We were in such a small space the 24mm Tilt shift would not cover what he wanted to see in the shot.  So I shot it with a 16mm and then had some world class keystoning to deal with later.  His chosen angle included the restrooms so that needed to be fixed.  It also included some bright blue streaks from sunlight coming in from the front windows that destroyed the warm atmosphere.

“You know, if we moved to …” I started to explain a solution but was cut off.  “This is where I want it shot from!” he stated as if it was clear I had not been listening to him. And he made it clear that (even though he set the appointment) we were cutting into his lunch crowd and needed to hurry along. After all, HE had done all the creative stuff, now all we had to do was trip the trigger as he directed and scurry on out of his way.  That shouldn’t take too long… should it?

We tried to tell him that what he was describing would force the bar area he was so proud of to be tiny and that the food items as he described them would be nearly impossible to arrange and compose properly given the shape and size of the space we had to work with.  We could have been talking to a pizza except most pizzas I have met are a bit more flexible. Why were we even questioning his perfect insight and vision?  And it was becoming clear that was a good question…

We tried to talk about styling but he was clear HE would create the plates of food and THAT is what we would photograph.  I asked him to not cut up the pizza but to just cut a single wedge and pull it out about an inch.  Moments later he delivered… oh surprise… a fully cut pizza.

There was no way the large plates he brought could be composed as a single image so each plate was shot separately and then, in post, individually cut out and layered over the background. What we really wanted to do was tell him what he and the horse he rode in on could do with themselves and leave.  But in the world of commercial photography one quickly learns that clients like this are not all that uncommon.  We had been incredibly lucky to not run into one this bad before but our time was up and now the only question was, how were we going to handle it? The answer is – and it ALWAYS needs to be – to handle it professionally.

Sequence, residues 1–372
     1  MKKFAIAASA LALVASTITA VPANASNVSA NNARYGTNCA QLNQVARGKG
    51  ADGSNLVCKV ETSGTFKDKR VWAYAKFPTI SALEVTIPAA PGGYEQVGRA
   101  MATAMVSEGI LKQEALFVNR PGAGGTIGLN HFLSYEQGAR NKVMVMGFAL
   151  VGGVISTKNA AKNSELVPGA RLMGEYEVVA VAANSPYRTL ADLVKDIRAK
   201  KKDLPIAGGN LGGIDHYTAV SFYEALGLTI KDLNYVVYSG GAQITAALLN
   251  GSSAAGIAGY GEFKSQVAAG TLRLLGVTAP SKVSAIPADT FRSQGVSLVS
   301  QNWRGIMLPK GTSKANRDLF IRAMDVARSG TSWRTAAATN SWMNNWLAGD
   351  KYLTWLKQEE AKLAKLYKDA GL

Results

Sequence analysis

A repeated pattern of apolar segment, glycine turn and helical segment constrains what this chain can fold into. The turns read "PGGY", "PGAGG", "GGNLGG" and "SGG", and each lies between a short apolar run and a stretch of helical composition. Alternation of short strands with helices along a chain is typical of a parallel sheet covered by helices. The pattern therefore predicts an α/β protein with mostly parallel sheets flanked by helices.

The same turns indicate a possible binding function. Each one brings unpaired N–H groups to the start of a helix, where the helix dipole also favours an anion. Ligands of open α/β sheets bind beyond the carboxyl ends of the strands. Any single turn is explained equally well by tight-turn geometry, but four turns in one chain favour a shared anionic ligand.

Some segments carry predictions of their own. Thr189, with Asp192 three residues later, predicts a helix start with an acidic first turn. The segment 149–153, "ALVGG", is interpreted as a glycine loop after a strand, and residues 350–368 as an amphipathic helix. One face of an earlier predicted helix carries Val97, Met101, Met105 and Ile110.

We had tried our best to give him the benefit of our experience and creativity but he wanted none of it.  So we shot what he insisted we shoot.  Professional photographers are, in the end, hired to provide a creative service and when that is all the client wants, well, it is their money to spend wisely… or poorly.  Prima donas are rather quickly weeded out.  Trying to match a client being a jerk may feel satisfying at times but it is not a key to long term success.

When I uploaded the files for processing the question quickly became do I just turn over that crap to the magazine (as I really wanted to do)? After all he told us they did it anyway so all we had to do was shoot the parts.  And the answer, for me, turned out to be an inescapable “no.”  Hell NO!  I simply could not do it.  God knows I wanted to.  It was, however, our names associated with it.  If it failed, regardless of why, we would take the fall for it.  That is the way the game is played.  Consequently I would rather do all I could in post to make it work, even knowing that if it turned out he would take the credit for work that was accomplished IN SPITE of him, than to turn in something I had not tried my best to make at least acceptable to OUR client, the magazine.  No one would know about the effort but us; but that, in the final analysis, is who counts the most.

I’m telling this tale because it is important for students to know that a shoot does not always go according to plan.  There are clients out there that make your crazy old professor look pretty tame.  I wish I could tell you they are rare… but my nose would surely start to grow if I did.

We used to call these projects “snakebit” meaning it had already more or less fallen apart and now you were scrambling to get out with your hide more or less intact.  What will separate the successful photographers from the others is, whether it is a real gig or simply a school assignment, if you can and will — always — ALWAYS commit to doing everything in your power to make it as good as you can no matter what it takes.  Trust me, your competitor will.

I made several variations of arrangements with the plates for editor’s selection.  I won’t bore you with the raw individual pieces but here is the final as selected.

Filippi Grotto Composite 01 for blogWho knows, maybe next time we do a food shoot we can actually do a FOOD SHOOT!  What a concept…

About ndking

Commercial Photographer and Professor of Photography at San Diego City College